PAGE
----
Another visa-related hurdle that hindered spouses of H-1B visa holders from working in the U.S. has been put on hold. Suspending a federal policy that required the spouses to provide new fingerprints to renew their visas appears to be a good and helpful move. However, the U.S. government continues to lag in addressing a huge backlog of visa and work permit applications by failing to invest in additional resources to process them.
Still, the move to reverse a policy implemented by the Trump administration in 2019 marks a significant step to address the shortage of skilled foreign workers in the areas of technology, medicine, science and engineering. The fingerprint policy led many spouses of foreign workers to lose their work permits due to costly delays in visa processing. Many of these spouses are Indian women who often work in the same industries as their husbands.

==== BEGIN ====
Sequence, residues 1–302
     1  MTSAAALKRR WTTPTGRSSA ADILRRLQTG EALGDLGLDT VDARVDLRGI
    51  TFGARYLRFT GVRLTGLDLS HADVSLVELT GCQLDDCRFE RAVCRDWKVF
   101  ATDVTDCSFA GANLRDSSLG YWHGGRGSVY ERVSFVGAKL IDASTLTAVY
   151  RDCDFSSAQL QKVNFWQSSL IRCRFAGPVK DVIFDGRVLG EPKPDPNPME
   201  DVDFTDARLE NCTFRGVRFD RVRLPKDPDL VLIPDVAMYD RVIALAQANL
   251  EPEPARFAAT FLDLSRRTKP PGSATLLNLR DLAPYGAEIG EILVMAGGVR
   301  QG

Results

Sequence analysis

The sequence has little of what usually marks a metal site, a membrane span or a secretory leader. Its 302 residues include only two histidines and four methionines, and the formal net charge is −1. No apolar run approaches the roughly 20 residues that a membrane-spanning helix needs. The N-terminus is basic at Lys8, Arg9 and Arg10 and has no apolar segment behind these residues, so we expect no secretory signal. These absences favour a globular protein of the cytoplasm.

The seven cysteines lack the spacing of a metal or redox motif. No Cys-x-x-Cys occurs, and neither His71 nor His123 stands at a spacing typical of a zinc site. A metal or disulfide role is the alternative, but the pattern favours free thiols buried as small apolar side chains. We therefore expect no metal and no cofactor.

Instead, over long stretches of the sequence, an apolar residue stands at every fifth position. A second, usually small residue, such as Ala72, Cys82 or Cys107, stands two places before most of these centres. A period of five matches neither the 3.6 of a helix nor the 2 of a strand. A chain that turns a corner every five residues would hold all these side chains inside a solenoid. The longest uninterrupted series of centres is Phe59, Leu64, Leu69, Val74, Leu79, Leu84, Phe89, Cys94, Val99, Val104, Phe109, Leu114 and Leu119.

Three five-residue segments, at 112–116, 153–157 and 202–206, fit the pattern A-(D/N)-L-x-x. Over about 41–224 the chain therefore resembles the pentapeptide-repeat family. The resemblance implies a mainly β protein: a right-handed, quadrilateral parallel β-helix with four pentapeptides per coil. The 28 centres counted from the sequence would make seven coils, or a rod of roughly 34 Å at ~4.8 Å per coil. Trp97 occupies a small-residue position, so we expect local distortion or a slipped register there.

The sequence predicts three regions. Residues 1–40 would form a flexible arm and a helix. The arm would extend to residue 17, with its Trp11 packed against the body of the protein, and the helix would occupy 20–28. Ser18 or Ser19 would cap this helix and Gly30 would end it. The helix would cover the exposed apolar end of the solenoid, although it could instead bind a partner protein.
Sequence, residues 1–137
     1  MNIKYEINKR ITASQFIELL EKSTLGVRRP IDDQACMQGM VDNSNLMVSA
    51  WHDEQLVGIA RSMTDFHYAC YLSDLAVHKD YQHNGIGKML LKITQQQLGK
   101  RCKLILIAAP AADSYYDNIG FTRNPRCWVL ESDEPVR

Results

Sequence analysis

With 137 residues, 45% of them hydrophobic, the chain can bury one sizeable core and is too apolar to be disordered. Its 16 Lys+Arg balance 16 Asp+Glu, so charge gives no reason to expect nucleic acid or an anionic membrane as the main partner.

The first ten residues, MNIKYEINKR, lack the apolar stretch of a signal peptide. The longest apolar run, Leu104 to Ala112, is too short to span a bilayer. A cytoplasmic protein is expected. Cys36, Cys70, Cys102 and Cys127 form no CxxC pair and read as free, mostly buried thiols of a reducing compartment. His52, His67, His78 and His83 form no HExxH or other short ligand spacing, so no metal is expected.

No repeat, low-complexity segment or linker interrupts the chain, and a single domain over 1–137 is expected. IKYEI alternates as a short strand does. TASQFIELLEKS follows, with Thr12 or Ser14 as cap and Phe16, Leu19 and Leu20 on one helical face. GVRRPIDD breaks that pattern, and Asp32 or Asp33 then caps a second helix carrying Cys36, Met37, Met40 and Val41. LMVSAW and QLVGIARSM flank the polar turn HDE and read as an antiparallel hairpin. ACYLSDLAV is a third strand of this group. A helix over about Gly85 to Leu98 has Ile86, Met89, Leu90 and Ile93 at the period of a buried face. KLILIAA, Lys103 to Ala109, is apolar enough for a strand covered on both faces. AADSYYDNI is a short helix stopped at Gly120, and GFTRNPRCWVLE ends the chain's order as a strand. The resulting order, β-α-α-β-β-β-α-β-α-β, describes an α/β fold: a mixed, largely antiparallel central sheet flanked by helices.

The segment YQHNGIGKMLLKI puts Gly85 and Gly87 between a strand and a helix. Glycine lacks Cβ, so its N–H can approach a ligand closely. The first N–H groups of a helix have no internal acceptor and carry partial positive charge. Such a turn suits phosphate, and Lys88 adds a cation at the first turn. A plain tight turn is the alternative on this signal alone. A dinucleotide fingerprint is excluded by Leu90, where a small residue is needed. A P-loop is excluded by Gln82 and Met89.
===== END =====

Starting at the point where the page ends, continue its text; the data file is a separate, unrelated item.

Companies feel the squeeze, too
News of the U.S. Department of Homeland Security’s (DHS) decision was disclosed on May 3 in a court filing made by the U.S. Citizenship and Immigration Services (USCIS). The latter agency is a division of the DHS. The USCIS declared that the fingerprint requirement will be suspended for two years beginning on May 17.
The Trump administration said that the fingerprint requirement was necessary to ensure that the immigrant spouses were not being untruthful. However, in a class-action lawsuit filed on behalf of the spouses of H-1B and L-1 visa holders against the government, attorneys cite that the change was intentionally meant to delay the visa processing.
Companies such as Google, Microsoft, Salesforce and Twitter, which employ many such spousal visa holders, cite that they were forced to put employees on long-term leave, and that the delays caused economic harm.
The change has been met with applause within some circles of the immigrant community. And a number of these families can stay together.